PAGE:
John Varty prepares for western Canadian push
John Varty's home on the range is an 80-square-foot replica farmhouse carted around Canada by a tractor.
The university professor is travelling across the country, the slow way, interviewing farmers.
The Hamilton resident's goal is to produce a documentary about the state of farming in Canada.
In Sault Ste. Marie since Wednesday Varty estimates he's talked to about 150 farmers and shot approximately 100 hours of footage.
"It's adding up," said Varty of the conversations he has logged since beginning his trip July 1 in Prince Edward Island.
"Our numbers will skyrocket in the west, I'm thinking."
He's keen to organize town halls to hear what farmers think about the federal government's plan to nix the nearly 70-year-old Canadian Wheat Board.
Pressure on land, due to urban and suburban sprawl and foreign investment, is a common concern of farmers who've talked with Varty.
Farmers in Huron and Haldimand counties have reported land costs $11,000 an acre, a figure Varty describes as "astronomical" in historical terms.
The stiff price tag makes it difficult for small and medium-sized farmers to increase the size of their operations. If land's not being plowed under for businesses and homes, it's getting snapped up by overseas investors and sitting idle with a big question mark about its future use standing out.
"Even not knowing is a big problem too," said Varty.
"Obviously when a suburban development goes in, that's bad. But just as bad is not knowing what it's going to be. (Farmers say) 'We don't know how to make our next move.' That's happening a lot."
He has taught agriculture history and economics at Yale, McGill and McMaster universities for 11 years. Varty has taken an indefinite leave from his position at McMaster. He has plowed about $50,000 of his own money into his bumpy cross-country research trip. It's expected to end in British Columbia in early December.
While he expects his approach to learning more about his field of expertise is "considered quite fluffy" by other academics, Varty see values in crossing the country in a tractor donated by Massey Ferguson.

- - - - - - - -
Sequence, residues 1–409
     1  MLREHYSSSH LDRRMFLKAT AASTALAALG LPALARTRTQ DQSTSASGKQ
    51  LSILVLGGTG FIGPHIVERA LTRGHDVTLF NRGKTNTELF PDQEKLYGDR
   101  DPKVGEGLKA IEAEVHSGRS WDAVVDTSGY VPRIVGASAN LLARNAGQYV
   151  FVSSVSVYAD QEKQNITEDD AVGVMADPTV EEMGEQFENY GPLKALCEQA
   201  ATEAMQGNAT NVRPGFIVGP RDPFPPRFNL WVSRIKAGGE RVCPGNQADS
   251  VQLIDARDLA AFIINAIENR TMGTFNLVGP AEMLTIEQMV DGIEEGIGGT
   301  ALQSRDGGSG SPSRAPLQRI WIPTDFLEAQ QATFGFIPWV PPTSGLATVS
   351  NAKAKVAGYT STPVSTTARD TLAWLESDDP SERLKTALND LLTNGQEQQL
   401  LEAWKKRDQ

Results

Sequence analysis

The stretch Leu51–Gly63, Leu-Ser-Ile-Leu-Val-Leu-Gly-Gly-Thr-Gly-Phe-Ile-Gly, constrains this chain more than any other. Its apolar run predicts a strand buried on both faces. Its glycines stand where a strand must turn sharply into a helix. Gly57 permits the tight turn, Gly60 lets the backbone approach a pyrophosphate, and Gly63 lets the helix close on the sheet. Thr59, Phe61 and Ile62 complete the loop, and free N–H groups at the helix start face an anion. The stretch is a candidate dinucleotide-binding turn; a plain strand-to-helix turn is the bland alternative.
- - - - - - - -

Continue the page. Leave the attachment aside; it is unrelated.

"You can mine documents in the national archives until the cows come home, but you don't get what we've gotten from farmers," he said.
"A guy can give you a quote, but when he gives it to you with a certain look on his face it just changes the way you interact with the story."
Varty is counting on media coverage of his journey to spark a television network's interest in his planned documentary.
Research, follow-up interviews and editing will likely run 18 months after he comes off the road.
He is pondering other spinoff projects following its production.
Varty is collecting recipes from "country folk" during his travels.
"Why not a cookbook?" he said.
For younger learners, Varty is considering a learning kit that could include grain samples and a description of how food is produced.
"You never have a hard time getting kids interested in learning about farms, plants, animals," he said.
If Varty returns to the university classroom, he expects information learned from his cross-country trek could make up significant content of a food commodity production course.
A book could follow, directed to either an academic or general reading audience.
The former project would help ease his return to a post-secondary environment, the latter would likely draw a larger number of readers.
"Compared to the nine-person audience you tend to get with an academic book, there's no question that something that would go into a Coles or an Indigo would be in my better interest," said Varty.
He plans to interview area farmers early this week. His stay in the city is longer than expected. Varty is in talks with Massey Ferguson to put the farmhouse and company's tractor on a flatbed to Dryden.
The move is prompted by time constraints, a lack of farmers between the two communities and safety concerns of driving a slow-moving tractor along a "hilly, windy and narrow" of the Trans-Canada Highway.
Joining Varty on the road are his fiancee, Molley Daley, and cameraman Michael Liew.